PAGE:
But proper drainage is just one of the many considerations involved in the inevitable event of installing a new or replacement roof. Owners should first evaluate their choices by noting if a building will have multiple tenants; roof foot traffic increases with more tenants, along with potential damage to membrane systems. Moreover, should any of those tenants include restaurants, dry cleaners, food or printing establishments with discharge odors or effluent, a single roofing product may not be suitable for all areas on the roof. Some sections may need to remain separate from others, due to air change or tenant needs. Of similar concern is air conditioning: a central supply, rather than individual HVAC units in each tenant space, can reduce roof penetrations and higher maintenance foot traffic.

One final checklist item is whether or not a new or replacement roof should have an energy-efficient surface, which is also easier to maintain and observe than surfaces of gravel or stone. Within the roofing industry, white TPO roofs have sparked debate among those preferring the more tried and true EPDM system. Gary Kassem, president of SingleSource Roofing Corp. of McKees Rocks, Pa., advocates EPDM over white roofs because they have fewer seams and are proven systems with consistent formulations and quality. White membranes, he contends, get dirty quickly, overheat and are reformulated every two to three years, raising questions about reliability.

“Built-up roofs may not stay popular in retail environments because of environmental factors,” says Robert Moore, a roofing consultant to Houston-based Weingarten Realty Investors, which owns properties in 15 Southern and Western states. Asphalt tanks outside tenant spaces emit odors, dust and noise during reroofing. New systems, still in the experimental stages, are always underway and worth watching, he adds. TPOs can last between six to eight years.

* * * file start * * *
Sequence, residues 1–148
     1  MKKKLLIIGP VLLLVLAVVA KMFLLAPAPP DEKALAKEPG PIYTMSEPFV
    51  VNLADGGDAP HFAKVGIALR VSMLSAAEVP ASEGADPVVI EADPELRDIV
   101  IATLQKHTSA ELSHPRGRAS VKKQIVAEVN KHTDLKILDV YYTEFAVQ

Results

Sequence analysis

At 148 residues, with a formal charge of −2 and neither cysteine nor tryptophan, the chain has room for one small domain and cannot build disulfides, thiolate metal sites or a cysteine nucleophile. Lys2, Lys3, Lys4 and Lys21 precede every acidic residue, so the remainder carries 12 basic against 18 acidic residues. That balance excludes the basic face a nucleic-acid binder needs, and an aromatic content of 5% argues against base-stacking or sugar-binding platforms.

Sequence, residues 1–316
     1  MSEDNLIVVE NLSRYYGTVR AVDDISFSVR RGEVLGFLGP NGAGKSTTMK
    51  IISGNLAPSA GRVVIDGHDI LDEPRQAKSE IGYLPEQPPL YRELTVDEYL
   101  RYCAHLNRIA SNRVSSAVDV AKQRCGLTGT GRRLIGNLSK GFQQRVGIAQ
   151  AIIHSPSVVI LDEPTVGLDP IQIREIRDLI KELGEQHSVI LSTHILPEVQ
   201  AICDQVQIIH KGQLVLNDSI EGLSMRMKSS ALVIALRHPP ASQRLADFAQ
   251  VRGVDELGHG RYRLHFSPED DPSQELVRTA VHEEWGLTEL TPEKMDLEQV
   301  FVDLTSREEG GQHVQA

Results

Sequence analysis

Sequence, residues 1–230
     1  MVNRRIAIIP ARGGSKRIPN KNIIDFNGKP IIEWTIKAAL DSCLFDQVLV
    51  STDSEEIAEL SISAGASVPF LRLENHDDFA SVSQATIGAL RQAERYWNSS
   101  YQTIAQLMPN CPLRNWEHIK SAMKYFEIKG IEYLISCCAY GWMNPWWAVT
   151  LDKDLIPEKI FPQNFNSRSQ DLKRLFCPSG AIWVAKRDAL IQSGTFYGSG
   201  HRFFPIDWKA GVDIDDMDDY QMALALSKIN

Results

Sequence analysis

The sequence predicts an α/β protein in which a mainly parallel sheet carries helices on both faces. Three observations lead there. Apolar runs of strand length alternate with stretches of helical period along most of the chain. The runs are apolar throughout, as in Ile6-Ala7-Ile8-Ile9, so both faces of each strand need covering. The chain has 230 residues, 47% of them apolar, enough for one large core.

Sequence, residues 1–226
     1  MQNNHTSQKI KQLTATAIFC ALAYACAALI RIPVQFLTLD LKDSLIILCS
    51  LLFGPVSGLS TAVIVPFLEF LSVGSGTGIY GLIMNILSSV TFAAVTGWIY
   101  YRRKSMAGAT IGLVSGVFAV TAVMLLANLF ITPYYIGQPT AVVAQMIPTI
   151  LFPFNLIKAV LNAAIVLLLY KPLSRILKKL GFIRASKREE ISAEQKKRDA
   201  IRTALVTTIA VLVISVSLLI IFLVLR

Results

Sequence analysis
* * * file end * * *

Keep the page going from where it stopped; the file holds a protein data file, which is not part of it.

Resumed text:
“Insurance costs and claims are a major concern for property managers. Before September 11, a slip-and-fall claim could cost owners more than the cost of a new roof,” says Kassem.

Owners, architects, contractors and industry experts agree that roofing design, proper installation and year-round maintenance programs are the essential ingredients for a good roof and dry building. Importantly, these are also the elements that make, break or altogether preclude a lawsuit.

Different roofs for different centers

Two commonly used systems for large expanses of flat or low-sloped roofs are EPDM and the newer TPO white membranes, acronyms for their chemical components. According to a typical roofing manufacturer description (from GenFlex Roofing Systems), TPO membranes combine proven weathering resistance of rubber and the proven performance of hot-air welded seams. EPDM is a high-performance membrane with exceptional resistance to tears, punctures and normal roof traffic. Both systems are available ballasted, mechanically attached and fully adhered.

For example, EPDM is appropriate for “big-box” stores with 100,000-sq.-ft. roof areas, but may not be suitable for a small 30-tenant strip center, says Jim Sheuchenko, director of property management at New Hyde Park, N.Y.-based Kimco. Different manufacturers offer variations of these systems and others, another reason why owners must be able to evaluate marketplace options and new technologies.

According to several owners and roofing experts, white TPO membranes are gaining in popularity, especially as replacements for 20- to 25-year-old roofs. White roofs have good reflectivity qualities, which are lacking in black roofs. Black EPDM systems accelerate aging because of greater absorption of damaging ultraviolet light, degrade over time, and tend to shrink over 10 years.